A Tale of a Tub

Jonathan Swift (1667 - 1745)

A Tale of a Tub was the first major work written by Jonathan Swift, composed between 1694 and 1697, that was eventually published in 1704. It is arguably his most difficult satire, and perhaps his most masterly. The Tale is a prose parody which is divided into sections of "digression" and a "tale" of three brothers, each representing one of the main branches of western Christianity. A Tale was long regarded as a satire on religion itself, and has famously been attacked for that, starting with William Wotton. The "tale" presents a consistent satire of religious excess, while the digressions are a series of parodies of contemporary writing in literature, politics, theology, Biblical exegesis, and medicine. The overarching parody is of enthusiasm, pride, and credulity. At the time it was written, politics and religion were still linked very closely in England, and the religious and political aspects of the satire can often hardly be separated. "The work made Swift notorious, and was widely misunderstood, especially by Queen Anne herself who mistook its purpose for profanity." "It effectively disbarred its author from proper preferment within the church," but is considered one of Swift's best allegories, even by himself. It was enormously popular, but Swift believed it damaged his prospect of advancement in the Church of England. (Summary by Wikipedia)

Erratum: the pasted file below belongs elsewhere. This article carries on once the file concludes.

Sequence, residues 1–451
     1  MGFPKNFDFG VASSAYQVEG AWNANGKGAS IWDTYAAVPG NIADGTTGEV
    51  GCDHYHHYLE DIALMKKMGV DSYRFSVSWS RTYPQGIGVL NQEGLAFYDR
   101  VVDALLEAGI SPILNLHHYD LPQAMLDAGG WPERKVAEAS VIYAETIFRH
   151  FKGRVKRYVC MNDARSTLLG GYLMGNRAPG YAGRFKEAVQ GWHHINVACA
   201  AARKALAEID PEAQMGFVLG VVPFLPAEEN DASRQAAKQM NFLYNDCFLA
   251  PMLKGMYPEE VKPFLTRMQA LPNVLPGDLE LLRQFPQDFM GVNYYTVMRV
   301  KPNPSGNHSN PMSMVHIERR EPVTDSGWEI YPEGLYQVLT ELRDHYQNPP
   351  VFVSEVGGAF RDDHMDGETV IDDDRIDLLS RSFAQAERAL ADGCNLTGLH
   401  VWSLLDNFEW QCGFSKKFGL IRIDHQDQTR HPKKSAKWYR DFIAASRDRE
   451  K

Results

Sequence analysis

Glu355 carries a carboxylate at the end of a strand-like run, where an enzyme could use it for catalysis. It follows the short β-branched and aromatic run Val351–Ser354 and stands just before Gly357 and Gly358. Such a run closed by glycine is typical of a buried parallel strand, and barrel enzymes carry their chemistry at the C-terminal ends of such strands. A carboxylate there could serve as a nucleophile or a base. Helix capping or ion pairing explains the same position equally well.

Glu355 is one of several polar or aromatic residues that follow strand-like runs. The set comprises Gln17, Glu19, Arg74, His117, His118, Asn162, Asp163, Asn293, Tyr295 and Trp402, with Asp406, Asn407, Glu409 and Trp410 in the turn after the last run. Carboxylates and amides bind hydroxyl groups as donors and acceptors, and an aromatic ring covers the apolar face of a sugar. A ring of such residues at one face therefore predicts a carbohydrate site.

Genre(s): Satire

Language: English

Section Chapter Reader Time
Play 00 Introduction and Preface Edmund Bloxam
Play 01 Section 1 Edmund Bloxam
Play 02 Section 2 Edmund Bloxam
Play 03 Section 3 Edmund Bloxam
Play 04 Section 4 Edmund Bloxam
Play 05 Section 5 Edmund Bloxam
Play 06 Section 6 Edmund Bloxam
Play 07 Section 7 Edmund Bloxam
Play 08 Section 8 Edmund Bloxam
Play 09 Section 9 Edmund Bloxam
Play 10 Section 10 Edmund Bloxam
Play 11 Section 11 Edmund Bloxam
Play 12 Section 12 Edmund Bloxam